May 18th – Quality Not Quantity

A “skulker” – this Canada Warbler works its way through a juniper. -LI


We weren’t particularly busy today, or, at least, it didn’t “feel” busy. But if you put in the work there were birds to be found. In fact, by the end of the morning we had rung up 79 species. But many of these were in small numbers or were singles. Still, a species is a species and when you’re counting every one adds up. The relaxed pace was ideal for teaching the younger aficionados the skills of extracting and banding and we had a good number of skilled adults to oversee their efforts – so a good morning all round.

Caught on hidden camera, wood pixies frolic in the meadow. -AT


The other day Carol left some feathers for the Tree Swallows so we went out to entice them. What fun! The swallows swoop in to snatch them out of the air. They’ll chase each other until one drops the feather at which point another will tear in to grab it before it can hit the ground. Tree Swallows line their nests with feathers. Over the years we have seen a very strange assortment of them in various nests and they’ve left us scratching our heads as to what kinds of birds they have come from and how the swallows managed to get them.

Throwing caution….and feathers….to the wind. Nesting material for the Tree Swallows. -AT


Banded 44:
1 Mourning Dove

Nola with a Downy Woodpecker she’s just processed. -ELO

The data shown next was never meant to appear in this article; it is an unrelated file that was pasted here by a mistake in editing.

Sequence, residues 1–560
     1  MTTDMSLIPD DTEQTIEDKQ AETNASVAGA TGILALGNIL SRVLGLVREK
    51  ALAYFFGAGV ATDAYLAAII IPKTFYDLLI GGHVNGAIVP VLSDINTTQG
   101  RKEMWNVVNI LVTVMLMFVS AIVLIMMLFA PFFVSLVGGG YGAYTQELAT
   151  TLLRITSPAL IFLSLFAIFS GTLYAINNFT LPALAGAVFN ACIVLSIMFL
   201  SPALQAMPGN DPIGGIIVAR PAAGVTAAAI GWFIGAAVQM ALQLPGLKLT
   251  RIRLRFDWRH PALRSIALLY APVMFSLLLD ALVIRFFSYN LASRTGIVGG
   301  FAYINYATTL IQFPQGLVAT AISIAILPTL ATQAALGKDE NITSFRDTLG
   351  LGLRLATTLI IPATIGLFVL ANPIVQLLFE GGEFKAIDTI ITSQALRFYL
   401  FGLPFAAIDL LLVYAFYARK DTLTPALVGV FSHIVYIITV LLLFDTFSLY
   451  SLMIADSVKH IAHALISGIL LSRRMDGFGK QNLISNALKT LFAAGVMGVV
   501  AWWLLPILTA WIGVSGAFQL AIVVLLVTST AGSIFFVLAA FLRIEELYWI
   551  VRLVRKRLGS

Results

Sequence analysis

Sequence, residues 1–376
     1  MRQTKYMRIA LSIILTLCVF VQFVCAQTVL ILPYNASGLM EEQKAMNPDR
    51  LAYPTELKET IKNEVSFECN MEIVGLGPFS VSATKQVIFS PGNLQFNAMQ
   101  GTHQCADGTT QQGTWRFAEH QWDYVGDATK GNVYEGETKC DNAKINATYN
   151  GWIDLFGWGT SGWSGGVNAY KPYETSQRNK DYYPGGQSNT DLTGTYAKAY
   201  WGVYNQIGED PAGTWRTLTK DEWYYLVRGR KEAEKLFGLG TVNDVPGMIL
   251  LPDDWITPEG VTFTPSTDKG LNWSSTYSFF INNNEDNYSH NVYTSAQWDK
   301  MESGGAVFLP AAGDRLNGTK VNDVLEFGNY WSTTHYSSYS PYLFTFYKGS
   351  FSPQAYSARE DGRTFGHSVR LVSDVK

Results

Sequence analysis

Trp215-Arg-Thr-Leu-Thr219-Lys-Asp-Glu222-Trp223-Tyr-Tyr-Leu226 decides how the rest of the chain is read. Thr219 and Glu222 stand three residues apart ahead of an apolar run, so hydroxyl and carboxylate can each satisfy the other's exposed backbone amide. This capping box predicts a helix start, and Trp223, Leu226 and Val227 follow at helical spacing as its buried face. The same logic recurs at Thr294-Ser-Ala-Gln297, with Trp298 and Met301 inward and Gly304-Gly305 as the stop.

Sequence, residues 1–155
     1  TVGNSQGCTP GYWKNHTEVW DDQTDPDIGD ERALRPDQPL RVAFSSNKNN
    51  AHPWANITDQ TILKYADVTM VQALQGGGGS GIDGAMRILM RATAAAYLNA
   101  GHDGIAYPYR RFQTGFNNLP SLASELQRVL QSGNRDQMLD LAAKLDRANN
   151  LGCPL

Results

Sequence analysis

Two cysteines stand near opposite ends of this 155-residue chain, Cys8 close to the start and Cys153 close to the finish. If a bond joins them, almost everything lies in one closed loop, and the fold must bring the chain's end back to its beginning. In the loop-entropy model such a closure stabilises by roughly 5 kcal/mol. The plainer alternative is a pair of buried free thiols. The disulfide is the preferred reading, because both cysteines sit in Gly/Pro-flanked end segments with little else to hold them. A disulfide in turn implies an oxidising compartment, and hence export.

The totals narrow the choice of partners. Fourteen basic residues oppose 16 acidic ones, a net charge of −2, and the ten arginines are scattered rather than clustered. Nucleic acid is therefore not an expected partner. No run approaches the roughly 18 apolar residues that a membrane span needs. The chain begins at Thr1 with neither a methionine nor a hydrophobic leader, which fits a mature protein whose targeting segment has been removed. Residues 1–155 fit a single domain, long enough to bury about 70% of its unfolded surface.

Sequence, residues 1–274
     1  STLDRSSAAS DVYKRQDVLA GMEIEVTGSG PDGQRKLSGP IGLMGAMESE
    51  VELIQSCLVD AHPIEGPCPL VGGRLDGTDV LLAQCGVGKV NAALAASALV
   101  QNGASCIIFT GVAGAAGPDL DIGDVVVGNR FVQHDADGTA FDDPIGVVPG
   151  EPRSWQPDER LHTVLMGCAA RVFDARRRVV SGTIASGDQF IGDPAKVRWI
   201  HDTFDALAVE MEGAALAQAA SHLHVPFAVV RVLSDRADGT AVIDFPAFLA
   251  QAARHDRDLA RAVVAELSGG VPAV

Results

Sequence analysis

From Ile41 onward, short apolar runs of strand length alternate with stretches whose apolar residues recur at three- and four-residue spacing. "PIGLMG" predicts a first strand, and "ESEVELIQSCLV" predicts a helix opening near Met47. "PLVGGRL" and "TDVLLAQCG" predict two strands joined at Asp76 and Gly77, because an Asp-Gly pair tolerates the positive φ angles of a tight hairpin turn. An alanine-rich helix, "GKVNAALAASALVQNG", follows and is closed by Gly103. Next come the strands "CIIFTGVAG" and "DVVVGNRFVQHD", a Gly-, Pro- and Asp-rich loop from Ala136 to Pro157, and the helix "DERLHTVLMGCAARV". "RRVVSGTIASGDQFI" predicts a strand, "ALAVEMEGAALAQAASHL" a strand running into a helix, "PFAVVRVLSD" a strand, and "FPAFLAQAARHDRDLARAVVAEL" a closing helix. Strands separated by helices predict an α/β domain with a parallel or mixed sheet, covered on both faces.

1 Downy Woodpecker
1 Yellow-bellied Flycatcher

Usually a bird of the treetops: Great Crested Flycatcher. -ELO


1 Great Crested Flycatcher
1 House Wren
1 Swainson’s Thrush
1 American Robin
3 Gray Catbirds

Brown Thrasher. -MAS


1 Brown Thrasher
2 Warbling Vireo
1 Nashville Warbler

For comparison: female Yellow Warbler on the left, male on the right. -ELO


10 Yellow Warblers
1 Magnolia Warbler

ASY male American Redstart. -JWC


1 American Redstart
2 Common Yellowthroat
6 Rose-breasted Grosbeaks (bringing our total to 70; old record was 61)
1 Song Sparrow
1 White-throated Sparrow

Another “stumpy” – a young male Red-winged Blackbird missing its left foot. The bird was otherwise in good shape. -MAS


2 Red-winged Blackbirds
4 Baltimore Orioles (bringing our total to 93; old record was 51)
2 American Goldfinches

ET’s: 79 spp.
More Pictures:

“Liam, if you hold this Rose-breasted Grosbeak right……no pain. If you do it wrong…..pain…..great pain” -JET


No pain! -JET


Female Red-winged Blackbird in the meadow. -AT


Female Blue-winged Warbler with an aberrant black feather on its head. -ELO


Grey head, white eye ring, yellow underneath…..Nashville Warbler. -ELO


Female Red-bellied Woodpecker. -ELO


Striking male Ruby-throated Hummingbird (well named!). -ELO


Tufted Titmouse. -ELO


Male Magnolia Warbler. -JWC


We have a good population of Yellow-throated Vireos nesting around the site. -JET


Male Chestnut-sided Warbler. -JWC


Rick

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